As polls opened amid threats of violence and lingering memories of fraud, Afghan voters turned out on Saturday morning to choose a president who will lead them into the post-American era in Afghanistan.
Election Day dawned cold and drizzly in Kabul. Residents made their way to ballot boxes in schools and mosques, navigating desolate streets guarded by thousands of police officers and soldiers across the city. In some locations, the polls opened as much as an hour late, but throughout the morning there were few reports of violence or disruptions. Voters assembled in long, orderly lines at the city’s major high schools and elsewhere to cast their ballots for their first new leader after a dozen years of President Hamid Karzai.
Afghan voters who have lived through decades of war spoke of their hopes for peace, better schools, more jobs. Using a side entrance reserved for female voters, Zakia Raoufi, a 45-year-old housewife, voted at the same school where her son graduated three years ago, and Karzai years before that. After she had woken up, washed and prayed, she said goodbye to her children and left the house for the first time in three days, where she had been worrying about the near-daily bombings in Kabul ahead of the election.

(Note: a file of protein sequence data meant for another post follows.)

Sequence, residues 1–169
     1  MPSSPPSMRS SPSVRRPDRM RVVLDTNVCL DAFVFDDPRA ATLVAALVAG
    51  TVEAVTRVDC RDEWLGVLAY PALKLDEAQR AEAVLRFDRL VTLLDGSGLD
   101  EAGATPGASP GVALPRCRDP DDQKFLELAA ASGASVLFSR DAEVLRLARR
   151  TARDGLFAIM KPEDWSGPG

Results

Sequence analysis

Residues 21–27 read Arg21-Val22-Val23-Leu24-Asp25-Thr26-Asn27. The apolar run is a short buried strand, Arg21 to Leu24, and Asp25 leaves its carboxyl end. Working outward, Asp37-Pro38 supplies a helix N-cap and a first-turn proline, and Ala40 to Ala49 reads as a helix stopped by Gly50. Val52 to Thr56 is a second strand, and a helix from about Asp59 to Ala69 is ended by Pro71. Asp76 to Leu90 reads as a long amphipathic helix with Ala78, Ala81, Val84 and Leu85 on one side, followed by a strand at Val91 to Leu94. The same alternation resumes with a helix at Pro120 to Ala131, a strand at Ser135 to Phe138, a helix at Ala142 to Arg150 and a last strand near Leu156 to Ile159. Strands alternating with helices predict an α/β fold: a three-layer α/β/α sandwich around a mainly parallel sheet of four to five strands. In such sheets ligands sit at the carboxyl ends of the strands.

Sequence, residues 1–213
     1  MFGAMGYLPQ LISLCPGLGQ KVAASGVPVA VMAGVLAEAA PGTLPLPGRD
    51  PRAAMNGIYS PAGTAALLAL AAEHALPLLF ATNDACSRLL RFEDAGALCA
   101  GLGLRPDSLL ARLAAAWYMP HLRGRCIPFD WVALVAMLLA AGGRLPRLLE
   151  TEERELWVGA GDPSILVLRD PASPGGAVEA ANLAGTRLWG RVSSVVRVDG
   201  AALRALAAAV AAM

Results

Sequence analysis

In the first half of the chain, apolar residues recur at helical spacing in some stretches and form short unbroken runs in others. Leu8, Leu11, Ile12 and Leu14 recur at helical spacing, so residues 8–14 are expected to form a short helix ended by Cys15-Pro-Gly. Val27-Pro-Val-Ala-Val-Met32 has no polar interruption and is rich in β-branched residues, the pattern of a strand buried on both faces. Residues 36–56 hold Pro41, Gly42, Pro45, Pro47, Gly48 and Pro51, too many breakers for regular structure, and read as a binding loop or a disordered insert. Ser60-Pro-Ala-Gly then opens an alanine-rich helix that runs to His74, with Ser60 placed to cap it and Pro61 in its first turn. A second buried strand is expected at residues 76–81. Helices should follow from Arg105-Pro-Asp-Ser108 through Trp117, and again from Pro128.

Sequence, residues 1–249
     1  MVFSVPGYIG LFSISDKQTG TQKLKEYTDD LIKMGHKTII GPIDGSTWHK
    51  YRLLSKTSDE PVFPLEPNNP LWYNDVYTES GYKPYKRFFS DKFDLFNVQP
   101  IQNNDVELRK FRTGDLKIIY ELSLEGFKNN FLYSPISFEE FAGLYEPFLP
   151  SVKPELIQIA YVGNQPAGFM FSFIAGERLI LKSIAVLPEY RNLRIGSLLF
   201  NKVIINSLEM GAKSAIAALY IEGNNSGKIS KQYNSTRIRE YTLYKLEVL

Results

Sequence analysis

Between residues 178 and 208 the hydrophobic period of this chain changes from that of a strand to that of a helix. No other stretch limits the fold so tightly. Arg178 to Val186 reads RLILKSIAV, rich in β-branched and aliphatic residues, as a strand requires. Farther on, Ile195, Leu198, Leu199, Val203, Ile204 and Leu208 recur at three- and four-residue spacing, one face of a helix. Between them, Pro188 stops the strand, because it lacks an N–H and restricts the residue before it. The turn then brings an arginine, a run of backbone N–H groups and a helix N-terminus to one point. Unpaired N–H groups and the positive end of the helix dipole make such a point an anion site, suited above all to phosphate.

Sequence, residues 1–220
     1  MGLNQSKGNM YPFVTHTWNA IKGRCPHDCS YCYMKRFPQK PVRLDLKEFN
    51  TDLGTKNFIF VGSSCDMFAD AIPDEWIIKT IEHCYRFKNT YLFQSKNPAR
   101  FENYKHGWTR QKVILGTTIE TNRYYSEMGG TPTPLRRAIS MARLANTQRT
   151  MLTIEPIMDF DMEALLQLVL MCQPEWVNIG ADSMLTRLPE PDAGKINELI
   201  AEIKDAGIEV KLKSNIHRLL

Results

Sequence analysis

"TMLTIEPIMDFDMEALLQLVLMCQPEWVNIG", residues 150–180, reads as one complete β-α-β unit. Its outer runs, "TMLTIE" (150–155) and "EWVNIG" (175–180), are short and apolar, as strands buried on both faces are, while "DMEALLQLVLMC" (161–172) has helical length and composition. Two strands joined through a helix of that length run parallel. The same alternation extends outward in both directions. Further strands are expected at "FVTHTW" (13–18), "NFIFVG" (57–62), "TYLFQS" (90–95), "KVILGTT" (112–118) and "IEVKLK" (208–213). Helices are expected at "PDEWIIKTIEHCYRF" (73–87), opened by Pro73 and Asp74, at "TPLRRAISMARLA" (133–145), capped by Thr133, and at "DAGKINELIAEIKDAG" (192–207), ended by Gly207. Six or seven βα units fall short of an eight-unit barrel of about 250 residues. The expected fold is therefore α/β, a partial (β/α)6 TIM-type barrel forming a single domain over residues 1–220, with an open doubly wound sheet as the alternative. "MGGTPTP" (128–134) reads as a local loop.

“I was wondering whether I will come back home alive or not,” she said.
Her son had studied computers and learned English at Habibia High School but the family had no connections among the government elite and no money to pay bribes for employment, so he moved to Iran and is now working as a tailor.
“So this election means a lot to me. What I’m hoping for from the next president is someone to stop the bloodshed in this country, to provide us peace and stability and education and opportunities for our children,” she said.
“We are not afraid of our enemies anymore,” said Anahita Amadyar, 41, who had voted with Raoufi.